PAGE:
There's a crucial scene in Looper when... ah, skip it. Seriously, though, I did want to like Looper, being sort of a fan of the time-travel genre, which is what movies are all about, when you get right down to it. I mean, when you watch a Laurel and Hardy flick, are you not time-travelling back to the '30s with its comedy hats and its comedy exploding cars?
And so, let's time travel back to 2012, when Joseph Gordon-Levitt made four movies that year, one of which was Looper. Alas, it was a small tree trying to grab at the leftover sunlight getting sucked up by the larger trees like Hotel Transylvania and Taken 2. So, if all the critics loved it so much, why couldn't it take hold with the public?
...okay, so I'm not alone. There's a few lost souls out there still willing to bash a Bruce Willis movie these days. And to be fair, I see what writer director Rian Johnson is trying to do. He also directed a few episodes of Breaking Bad, so he's set for life. We've got nice CGI prosthetics for Joseph Gordon Levitt, we've got a film that looks like a damn film, and not some cheap thing shot on a (high-end) video camera, we've got a nice ode to motherhood this side of Quentin Tarantino, and not since Country Strong have I seen the older generation bitch-slap the younger generation so hard.
And so, that being said, there's the negatives. As I mentioned earlier, I'm a fan of the time-travel genre. That's why it pains me so to have to point to Timecop for logical consistency. As bad as it is, it seems to be the only movie that has laid down the following crucial rule: if you touch your other self from another stream of time, you both get destroyed... and rather grossly at that! (re: the Ron Silver character) Of course, Back to the Future II kinda violates that rule... no, I take that back. Marty told Marty Jr. to stay down and shut up in the crucial café scene. Still, that was technically ball-breaking back then.
So, while I can't critique JGL's prosthetics, I am getting a little tired of the horizontal stripes that bright lights cause in films like this. They're distracting, guys! Kubrick and the Coens know that. And while it's clearly a man's ode to motherhood, at least the writer-director doesn't have JGL or Bruce say something inane like "My Goddess, my Valkyrie." Sheesh.
Anyway, there's a crucial scene where old Joe and young Joe are sitting in a café. The Onion's critic pointed out that this movie is cool because... spoiler alert... the last hour of it is spent essentially on one farm. Well, for the most part, the whole film seems to be stuck in Iowa... or Kansas. I forgot the title card that said "Kansas 2044" already. What major metropolis is that near, anyway? Chicago? At least they take that one vacation to Hong Kong, or wherever the hell Joe goes to grow up to become Bruce Willis. Anyway, back to the café, where the waitress who kinda likes young Joe doesn't realize that the older guy he's sitting with is older Joe. Older Joe tries to teach young Joe a thing or two about the future. Maybe this is the genius of the script or something, but I couldn't help but not be impressed by the lack of depth in the lessons that old Joe tries to part to young Joe. Young Joe himself was similarly skeptical, so it must be the genius.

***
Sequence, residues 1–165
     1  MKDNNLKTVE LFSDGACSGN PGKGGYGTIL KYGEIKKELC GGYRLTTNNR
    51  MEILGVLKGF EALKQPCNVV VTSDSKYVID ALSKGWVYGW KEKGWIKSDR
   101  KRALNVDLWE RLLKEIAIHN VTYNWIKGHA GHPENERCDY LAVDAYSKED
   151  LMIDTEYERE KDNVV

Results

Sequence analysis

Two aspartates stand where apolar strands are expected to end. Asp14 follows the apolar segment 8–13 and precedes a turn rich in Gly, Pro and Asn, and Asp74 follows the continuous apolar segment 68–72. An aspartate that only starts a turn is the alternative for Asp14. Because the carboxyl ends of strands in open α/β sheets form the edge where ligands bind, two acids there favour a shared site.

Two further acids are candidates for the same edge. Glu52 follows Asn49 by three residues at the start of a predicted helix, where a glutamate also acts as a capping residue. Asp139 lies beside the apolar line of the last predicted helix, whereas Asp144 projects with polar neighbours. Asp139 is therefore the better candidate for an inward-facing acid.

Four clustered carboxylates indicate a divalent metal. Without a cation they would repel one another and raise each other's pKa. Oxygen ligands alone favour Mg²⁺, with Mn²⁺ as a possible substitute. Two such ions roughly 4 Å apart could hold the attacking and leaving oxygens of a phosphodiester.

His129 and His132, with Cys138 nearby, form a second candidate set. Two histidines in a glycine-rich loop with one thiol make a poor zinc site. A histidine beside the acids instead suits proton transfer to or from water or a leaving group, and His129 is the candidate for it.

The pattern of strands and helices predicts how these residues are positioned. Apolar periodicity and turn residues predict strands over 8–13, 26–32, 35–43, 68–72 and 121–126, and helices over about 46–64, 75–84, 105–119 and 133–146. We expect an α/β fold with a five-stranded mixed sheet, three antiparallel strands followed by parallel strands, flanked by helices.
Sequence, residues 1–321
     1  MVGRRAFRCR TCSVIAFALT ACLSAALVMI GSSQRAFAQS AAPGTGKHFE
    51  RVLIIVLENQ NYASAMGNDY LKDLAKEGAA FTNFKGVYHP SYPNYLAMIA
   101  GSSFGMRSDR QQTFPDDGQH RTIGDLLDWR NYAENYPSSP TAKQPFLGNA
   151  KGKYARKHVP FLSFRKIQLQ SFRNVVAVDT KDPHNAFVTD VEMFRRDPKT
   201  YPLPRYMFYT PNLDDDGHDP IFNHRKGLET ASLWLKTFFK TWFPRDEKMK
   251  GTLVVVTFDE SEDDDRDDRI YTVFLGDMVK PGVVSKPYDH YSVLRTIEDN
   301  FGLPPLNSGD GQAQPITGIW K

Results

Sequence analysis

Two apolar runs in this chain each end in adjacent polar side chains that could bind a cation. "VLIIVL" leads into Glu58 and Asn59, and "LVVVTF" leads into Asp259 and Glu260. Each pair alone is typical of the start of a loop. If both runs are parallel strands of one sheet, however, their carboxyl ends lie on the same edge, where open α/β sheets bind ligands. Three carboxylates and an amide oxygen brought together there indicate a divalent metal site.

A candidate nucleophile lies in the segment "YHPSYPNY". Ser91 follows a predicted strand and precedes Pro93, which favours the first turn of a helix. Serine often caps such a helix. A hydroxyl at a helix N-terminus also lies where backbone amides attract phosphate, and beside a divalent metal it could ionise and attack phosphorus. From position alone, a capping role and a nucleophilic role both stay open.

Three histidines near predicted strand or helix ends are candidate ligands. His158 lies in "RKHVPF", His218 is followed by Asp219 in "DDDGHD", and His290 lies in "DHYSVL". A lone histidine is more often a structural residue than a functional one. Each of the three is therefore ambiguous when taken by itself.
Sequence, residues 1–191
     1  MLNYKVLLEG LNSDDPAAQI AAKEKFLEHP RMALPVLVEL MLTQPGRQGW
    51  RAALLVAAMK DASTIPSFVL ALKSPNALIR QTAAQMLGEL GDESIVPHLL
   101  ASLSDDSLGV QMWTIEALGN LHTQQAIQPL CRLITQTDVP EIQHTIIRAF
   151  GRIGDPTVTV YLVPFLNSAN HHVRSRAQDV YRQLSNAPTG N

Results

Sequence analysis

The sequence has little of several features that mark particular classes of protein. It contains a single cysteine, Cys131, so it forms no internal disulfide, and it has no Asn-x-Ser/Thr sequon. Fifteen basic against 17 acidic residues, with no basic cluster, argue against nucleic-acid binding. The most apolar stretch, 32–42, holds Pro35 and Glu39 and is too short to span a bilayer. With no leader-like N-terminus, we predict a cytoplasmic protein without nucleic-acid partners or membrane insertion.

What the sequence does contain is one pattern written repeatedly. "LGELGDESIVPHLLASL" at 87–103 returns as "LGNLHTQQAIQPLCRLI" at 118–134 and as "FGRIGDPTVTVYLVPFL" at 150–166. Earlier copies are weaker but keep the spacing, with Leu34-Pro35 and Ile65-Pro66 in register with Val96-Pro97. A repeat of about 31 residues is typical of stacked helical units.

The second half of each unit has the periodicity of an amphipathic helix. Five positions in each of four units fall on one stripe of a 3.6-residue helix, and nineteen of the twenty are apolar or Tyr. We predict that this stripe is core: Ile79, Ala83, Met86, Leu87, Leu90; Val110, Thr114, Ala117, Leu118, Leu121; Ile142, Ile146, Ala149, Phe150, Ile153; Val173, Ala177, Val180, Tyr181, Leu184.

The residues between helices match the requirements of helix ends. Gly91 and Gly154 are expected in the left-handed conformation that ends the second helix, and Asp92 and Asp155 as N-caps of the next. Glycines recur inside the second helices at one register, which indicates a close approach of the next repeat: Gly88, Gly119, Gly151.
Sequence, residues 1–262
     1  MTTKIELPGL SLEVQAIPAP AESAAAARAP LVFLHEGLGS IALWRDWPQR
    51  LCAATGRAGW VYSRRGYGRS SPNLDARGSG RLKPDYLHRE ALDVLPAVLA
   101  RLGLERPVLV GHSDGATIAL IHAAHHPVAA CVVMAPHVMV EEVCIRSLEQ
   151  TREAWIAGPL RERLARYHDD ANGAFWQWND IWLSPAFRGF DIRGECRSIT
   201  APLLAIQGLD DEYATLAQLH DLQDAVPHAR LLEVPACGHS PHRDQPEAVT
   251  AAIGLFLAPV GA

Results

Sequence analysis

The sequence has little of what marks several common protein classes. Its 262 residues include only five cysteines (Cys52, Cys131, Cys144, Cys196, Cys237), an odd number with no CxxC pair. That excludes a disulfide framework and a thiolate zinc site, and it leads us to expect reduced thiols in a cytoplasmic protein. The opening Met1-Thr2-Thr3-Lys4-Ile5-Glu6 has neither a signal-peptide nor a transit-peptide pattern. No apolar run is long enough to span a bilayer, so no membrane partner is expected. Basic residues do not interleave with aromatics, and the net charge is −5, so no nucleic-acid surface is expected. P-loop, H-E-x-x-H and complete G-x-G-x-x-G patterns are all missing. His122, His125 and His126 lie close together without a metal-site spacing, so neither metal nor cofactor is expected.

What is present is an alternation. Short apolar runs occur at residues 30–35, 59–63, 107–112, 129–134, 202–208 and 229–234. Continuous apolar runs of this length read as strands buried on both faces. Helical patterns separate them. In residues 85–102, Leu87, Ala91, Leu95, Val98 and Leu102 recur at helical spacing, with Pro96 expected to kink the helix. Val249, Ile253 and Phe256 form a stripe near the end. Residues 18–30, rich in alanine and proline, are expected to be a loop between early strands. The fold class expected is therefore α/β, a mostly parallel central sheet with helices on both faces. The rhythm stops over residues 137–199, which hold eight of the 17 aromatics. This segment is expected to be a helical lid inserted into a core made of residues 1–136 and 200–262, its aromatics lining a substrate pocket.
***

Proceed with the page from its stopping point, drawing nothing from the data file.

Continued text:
And so, Looper is a brilliant piece of work, but it's also kind of derivative as well. Take, for example, Looper's IMDb page. Look under the section that says "People who liked this also liked..." Notice how X-Men is in there? If you watch Looper, you might figure out why. Kinda like how Hancock is basically Superman, but more downbeat and with a slightly different backstory. But I did like the look of the near future. The music of the near future? Classic blues, of course.
I should probably mention Emily Blunt. I think she only had one fragment of a line where her English accent shone through, but otherwise she's the real deal. Can playing the lead in the Katy Perry story be far behind? ;)
-so sayeth The Movie Hooligan